Germany's Cold War: The Global Campaign to Isolate East Germany, 1949-1969

Germany's Cold War: The Global Campaign to Isolate East Germany, 1949-1969

Germany's Cold War: The Global Campaign to Isolate East Germany, 1949-1969

Germany's Cold War: The Global Campaign to Isolate East Germany, 1949-1969

Synopsis

Using newly available material from both sides of the Iron Curtain, William Glenn Gray explores West Germany's efforts to prevent international acceptance of East Germany as a legitimate state following World War II. Unwilling to accept the division of their country, West German leaders regarded the German Democratic Republic (GDR) as an illegitimate upstart--a puppet of the occupying Soviet forces. Together with France, Britain, and the United States, West Germany applied political and financial pressure around the globe to ensure that the GDR remain unrecognized by all countries outside the communist camp. Proclamations of ideological solidarity and narrowly targeted bursts of aid gave the GDR momentary leverage in such diverse countries as Egypt, Iraq, Ghana, and Indonesia; yet West Germany's intimidation tactics, coupled with its vastly superior economic resources, blocked any decisive East German breakthrough. Gray argues that Bonn's isolation campaign was dropped not for want of success, but as a result of changes in West German priorities as the struggle against East Germany came to hamper efforts at reconciliation with Israel, Poland, and Yugoslavia--all countries of special relevance to Germany's recent past. Interest in a morally grounded diplomacy, together with the growing conviction that the GDR could no longer be ignored, led to the abandonment of Bonn's effective but outdated efforts to hinder worldwide recognition of the East German regime.

Excerpt

Only gradually in the winter of 1955-56 did the SED's leaders come to appreciate the extent of their continuing isolation. the hardening of the status quo in Europe had not led the nonaligned countries to embrace the gdr as a second state after all. Even those leaders most favorably disposed to the gdr, such as Nasser and Nehru, were still blatantly discriminating in favor of West Germany. Bitter protests about this injustice won East German diplomats few friends in the capitals of the developing world. Arduous local efforts to "ratchet up" the official status of East German missions had little effect on the GDR's overall position. Association with the Soviet Union was Ulbricht's one significant asset; nonaligned leaders courting Moscow's favor found it expedient to offer concessions to East Berlin. Yet even these cases did not automatically yield long-sought breakthroughs, for Soviet diplomats acted to restrain their East German colleagues. To a surprising extent, Moscow sympathized with the reluctance of African and Asian statesmen to provoke West Germany's ire.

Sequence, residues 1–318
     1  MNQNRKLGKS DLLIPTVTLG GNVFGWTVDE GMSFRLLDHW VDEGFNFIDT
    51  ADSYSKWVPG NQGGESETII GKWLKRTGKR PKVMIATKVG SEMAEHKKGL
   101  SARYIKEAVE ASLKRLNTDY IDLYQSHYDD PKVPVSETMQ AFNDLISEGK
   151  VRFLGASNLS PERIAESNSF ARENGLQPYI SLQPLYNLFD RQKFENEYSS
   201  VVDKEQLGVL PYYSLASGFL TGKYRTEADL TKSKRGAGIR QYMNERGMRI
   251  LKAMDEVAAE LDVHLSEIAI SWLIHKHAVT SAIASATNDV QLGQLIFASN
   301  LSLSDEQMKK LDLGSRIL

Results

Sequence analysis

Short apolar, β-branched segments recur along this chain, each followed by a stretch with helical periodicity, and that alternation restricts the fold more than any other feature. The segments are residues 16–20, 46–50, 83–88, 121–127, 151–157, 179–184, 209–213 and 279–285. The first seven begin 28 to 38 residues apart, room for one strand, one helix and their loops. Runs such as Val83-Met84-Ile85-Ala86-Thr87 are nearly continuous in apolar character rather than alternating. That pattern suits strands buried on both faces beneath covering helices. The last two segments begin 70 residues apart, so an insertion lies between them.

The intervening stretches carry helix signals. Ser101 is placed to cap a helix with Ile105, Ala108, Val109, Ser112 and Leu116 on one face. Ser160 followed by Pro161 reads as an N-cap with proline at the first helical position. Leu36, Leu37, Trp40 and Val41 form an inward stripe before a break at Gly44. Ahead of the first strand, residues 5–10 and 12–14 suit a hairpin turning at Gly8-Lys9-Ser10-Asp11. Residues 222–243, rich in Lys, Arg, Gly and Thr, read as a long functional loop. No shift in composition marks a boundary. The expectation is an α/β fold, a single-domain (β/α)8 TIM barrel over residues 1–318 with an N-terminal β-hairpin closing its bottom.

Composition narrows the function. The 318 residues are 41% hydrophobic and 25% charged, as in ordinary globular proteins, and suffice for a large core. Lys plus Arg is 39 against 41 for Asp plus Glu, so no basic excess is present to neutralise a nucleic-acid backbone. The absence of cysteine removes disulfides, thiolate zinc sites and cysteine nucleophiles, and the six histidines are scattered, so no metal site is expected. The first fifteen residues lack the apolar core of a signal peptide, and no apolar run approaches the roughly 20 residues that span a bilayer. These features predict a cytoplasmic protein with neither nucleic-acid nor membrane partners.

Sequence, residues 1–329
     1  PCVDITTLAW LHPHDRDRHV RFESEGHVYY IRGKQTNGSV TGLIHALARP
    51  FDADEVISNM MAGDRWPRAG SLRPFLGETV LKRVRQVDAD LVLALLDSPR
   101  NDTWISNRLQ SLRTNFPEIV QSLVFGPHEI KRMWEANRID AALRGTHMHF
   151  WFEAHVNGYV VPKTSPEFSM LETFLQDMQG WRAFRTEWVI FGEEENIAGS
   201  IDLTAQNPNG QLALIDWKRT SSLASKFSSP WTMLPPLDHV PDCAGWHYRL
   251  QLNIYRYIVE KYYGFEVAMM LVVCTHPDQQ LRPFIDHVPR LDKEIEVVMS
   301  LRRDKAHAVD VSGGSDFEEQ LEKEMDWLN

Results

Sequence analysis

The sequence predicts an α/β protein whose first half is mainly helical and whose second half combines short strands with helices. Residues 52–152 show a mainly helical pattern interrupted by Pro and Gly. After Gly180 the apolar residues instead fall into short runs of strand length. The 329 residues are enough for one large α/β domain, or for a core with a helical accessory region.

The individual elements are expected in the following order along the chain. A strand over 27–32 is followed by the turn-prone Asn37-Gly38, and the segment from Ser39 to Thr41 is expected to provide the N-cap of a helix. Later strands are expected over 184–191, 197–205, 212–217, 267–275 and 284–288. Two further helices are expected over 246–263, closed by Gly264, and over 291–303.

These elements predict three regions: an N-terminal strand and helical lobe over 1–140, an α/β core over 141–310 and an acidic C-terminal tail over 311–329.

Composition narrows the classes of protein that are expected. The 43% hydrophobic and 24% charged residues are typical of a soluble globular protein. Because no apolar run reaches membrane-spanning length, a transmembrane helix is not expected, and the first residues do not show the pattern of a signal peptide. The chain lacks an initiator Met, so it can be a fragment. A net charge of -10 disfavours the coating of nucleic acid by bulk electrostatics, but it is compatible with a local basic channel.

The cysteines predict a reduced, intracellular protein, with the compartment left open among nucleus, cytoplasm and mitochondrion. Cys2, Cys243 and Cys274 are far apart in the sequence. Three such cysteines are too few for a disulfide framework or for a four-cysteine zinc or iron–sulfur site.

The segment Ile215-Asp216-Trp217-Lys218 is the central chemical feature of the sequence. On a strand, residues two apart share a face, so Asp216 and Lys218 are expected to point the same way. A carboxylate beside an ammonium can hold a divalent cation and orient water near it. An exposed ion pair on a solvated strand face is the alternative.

Flush with success, officials on the Rhine began to regard the improvised threats of December 1955 as a long-term strategy for containing the gdr. Nevertheless, whenever the interests of Bonn's isolation campaign clashed with Adenauer's firm intention to expand West German political and economic influence in the developing world, the latter usually won. in Eastern Europe, too, the absence of relations with the "satellite" states was becoming a political liability. During the 1957 election campaign, the chancellor and others in his party hinted that the fall might bring a reevaluation of Bonn's policies toward Eastern Europe. West German diplomats held exploratory conversations with their Polish counterparts in Washington and Belgrade. in the midst of all the speculation about Adenauer's intentions, Marshal Tito of Yugoslavia concluded that he could safely recognize the gdr without fear of retaliation from Bonn.

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